I am writing this message with a certain amount of umbrage, anxiety, and disbelief. At approximately 8pm on 5/28/10, I was approached by two campus police officers (officer Jeanne M. Parsons and officer Michael T. Reinke) while I was sitting in Toppers Pizzeria. I was “asked” to furnish identification; when I inquired why this was necessary, I was told that I wasn’t privy to that information.
Fortunately, I received my faculty identification on Thursday before the break, and so I handed this to the officers. As if the identification itself was not enough to allay their concern, Officer Michael T. Reinke proceeded to inspect the identification, holding it to the light (I do not believe this was because he had problems with his sight), authenticating it with his “vision.” After a minute of this absurd inspection, he demanded to know the name of the building in which I taught.
I could not remember the name of the building in that instant, anxiety began to seize me, and so I told him my department–Africology. I inquired again why I was asked to present identification and he told me that I “fit a description.” Of course, I asked what that description was and, again, I was told that I wasn’t privy to that information.
Officer Michael T. Reinke then handed me my identification with disdain. I asked for their information and I was handed two business cards. They exited the restaurant, without an apology or a modicum of concern that I was publicly humiliated. As officer Michael T. Reinke walked away he stared at me until he was out of my vision–I know that look very well, and it usually precedes physical violence.
I called campus police to make a complaint and apparently the two attendants at the Kenilworth front desk called the police when I walked next door to get some food. I fit the description of someone named “Brandon,” who, I am told, looks very much like me because “both of us have goatees.”
After the look I received from officer Michael T. Reinke, not to mention the utter disrespect and humiliation I experienced, I am not feeling safe at all. It is 10:46pm and I will not leave Kenilworth because I do not know if I will be harassed by police officers or if anyone else will call the police when I leave the dorm. I can accept the academic pressures of syllabus development and classroom teaching, but I can not deal with terror–if I did not have my identification in my pocket when I left the dorm, I do not know what that officer would have done. More importantly, I do not know my rights on campus.
Does the campus police have the right to stop me and search me? Can I refuse? Can I be detained? These are not questions, or concerns, that I have the strength or energy to pontificate. I received no information about campus policy, protocol, etc.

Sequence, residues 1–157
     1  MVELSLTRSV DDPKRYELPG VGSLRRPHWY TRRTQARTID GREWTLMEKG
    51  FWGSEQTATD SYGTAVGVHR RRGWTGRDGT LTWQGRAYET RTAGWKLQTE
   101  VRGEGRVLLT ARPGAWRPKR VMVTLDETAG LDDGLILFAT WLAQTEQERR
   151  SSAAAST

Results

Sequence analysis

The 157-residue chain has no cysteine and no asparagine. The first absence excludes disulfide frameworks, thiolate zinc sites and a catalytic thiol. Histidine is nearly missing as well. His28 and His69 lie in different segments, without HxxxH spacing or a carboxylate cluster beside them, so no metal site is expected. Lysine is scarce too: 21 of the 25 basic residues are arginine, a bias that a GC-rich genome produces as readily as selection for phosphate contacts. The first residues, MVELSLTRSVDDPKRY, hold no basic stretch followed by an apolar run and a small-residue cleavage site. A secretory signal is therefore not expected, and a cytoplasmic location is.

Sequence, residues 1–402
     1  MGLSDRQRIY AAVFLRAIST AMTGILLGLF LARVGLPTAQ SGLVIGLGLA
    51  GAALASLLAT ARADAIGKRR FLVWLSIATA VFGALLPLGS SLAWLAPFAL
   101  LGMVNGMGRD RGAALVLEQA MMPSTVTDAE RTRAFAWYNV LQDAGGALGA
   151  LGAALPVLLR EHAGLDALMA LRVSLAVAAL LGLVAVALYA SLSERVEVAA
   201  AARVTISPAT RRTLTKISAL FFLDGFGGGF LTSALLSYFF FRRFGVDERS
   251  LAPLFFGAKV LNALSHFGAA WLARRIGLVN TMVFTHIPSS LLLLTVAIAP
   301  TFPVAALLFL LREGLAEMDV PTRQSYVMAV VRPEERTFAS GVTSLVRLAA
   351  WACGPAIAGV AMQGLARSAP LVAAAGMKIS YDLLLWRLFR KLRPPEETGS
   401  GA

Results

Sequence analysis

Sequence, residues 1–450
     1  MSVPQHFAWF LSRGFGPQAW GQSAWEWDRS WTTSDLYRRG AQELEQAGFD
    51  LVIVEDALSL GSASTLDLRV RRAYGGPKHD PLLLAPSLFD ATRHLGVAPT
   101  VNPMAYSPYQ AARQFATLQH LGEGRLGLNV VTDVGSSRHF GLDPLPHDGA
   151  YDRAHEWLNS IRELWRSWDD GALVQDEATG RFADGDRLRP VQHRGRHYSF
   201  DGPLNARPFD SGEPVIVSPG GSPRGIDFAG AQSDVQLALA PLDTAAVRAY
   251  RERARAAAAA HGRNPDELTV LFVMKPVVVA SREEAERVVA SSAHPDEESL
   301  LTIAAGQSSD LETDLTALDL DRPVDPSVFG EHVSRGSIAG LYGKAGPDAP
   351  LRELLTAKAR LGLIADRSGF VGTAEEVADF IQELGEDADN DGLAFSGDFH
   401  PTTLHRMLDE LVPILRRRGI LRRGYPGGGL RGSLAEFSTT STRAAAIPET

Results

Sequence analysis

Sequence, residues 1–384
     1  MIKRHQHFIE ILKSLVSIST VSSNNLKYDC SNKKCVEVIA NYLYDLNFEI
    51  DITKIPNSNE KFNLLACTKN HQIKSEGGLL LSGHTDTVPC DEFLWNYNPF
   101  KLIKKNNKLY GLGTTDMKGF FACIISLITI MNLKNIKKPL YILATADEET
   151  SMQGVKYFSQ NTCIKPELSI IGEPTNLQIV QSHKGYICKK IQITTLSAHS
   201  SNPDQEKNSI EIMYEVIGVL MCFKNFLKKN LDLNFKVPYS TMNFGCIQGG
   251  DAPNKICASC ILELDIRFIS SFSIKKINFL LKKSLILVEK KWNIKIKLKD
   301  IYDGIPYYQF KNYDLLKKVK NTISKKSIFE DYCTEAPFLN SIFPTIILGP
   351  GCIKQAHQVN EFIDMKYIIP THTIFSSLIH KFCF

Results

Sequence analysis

I feel like I have been invited into a perilous context and I am completely ignorant of my rights. This is terrifying; I do not want to leave my room. I have to move out of Kenilworth into Sandburg Hall and I do not feel comfortable at all. I don’t know if the staff at the main desk called the police on me out of malice, or if someone really does exist in the world with “an identical goatee” (which would make 60% of the male population in this country potential suspects).
I have never been so humiliated in a public place. The disregard of the police officers, and the look of animosity I received from officer Michael T. Reinke as he walked away, indicate that this is a campus hostile to people of color. I didn’t even receive an apology from the officers when they realized I was a faculty member. I left two hysterical and frantic phone messages with Michael Powell and Joyce Kirk because I felt concerned about my physical safety.
Officer Michael T. Reinke knows my name, where I am sleeping, and my department. This may sound somewhat “overly-dramatic” to you, but I am in a city in which I don’t know anyone, and I don’t have any idea of what my rights are as a faculty member. After this experience, I would discourage anyone I know from applying for this fellowship. No one should have to endure this type of humiliation and anxiety before having to teach a course. I can tolerate a certain amount of “racial intolerance”, but when I have to worry about my physical safety, it becomes unmanageable.
I know this e-mail message is rather long, but right now, I regret the decision to accept this offer. I will teach my class, but I will not have pleasant memories. This experience has left an indelible mark on my psyche; I have never been harassed like this.
Calvin L. Warren
Calvin Warren (American Studies) graduated from Cornell University magna cum laude with a degree in Rhetoric. His research is located at the intersection of Lacanian psychoanalysis, deconstruction, semiotics, and African American philosophical thought. His dissertation, entitled, “The Absent Center of Political Ontology: Antebellum Free Blacks and Political Nothingness,” is preoccupied with understanding how culture produces, regulates, and eliminates its waste when the waste in question is a human being. The project theorizes the limits of political ontology as a peculiar aporia. Antebellum Free Blacks provide the historiographical framework for this philosophical exploration. He is the recipient of several awards and fellowships including: the Ford Foundation Pre-doctoral Diversity Fellowship, the Ford Foundation Dissertation Fellowship, and the Mellon Mays Dissertation Fellowship. He has also received psychoanalytic training at the Interdisciplinaire Freudien de Recherches et d’Interventions Clinques et Cultures (GIFRIC).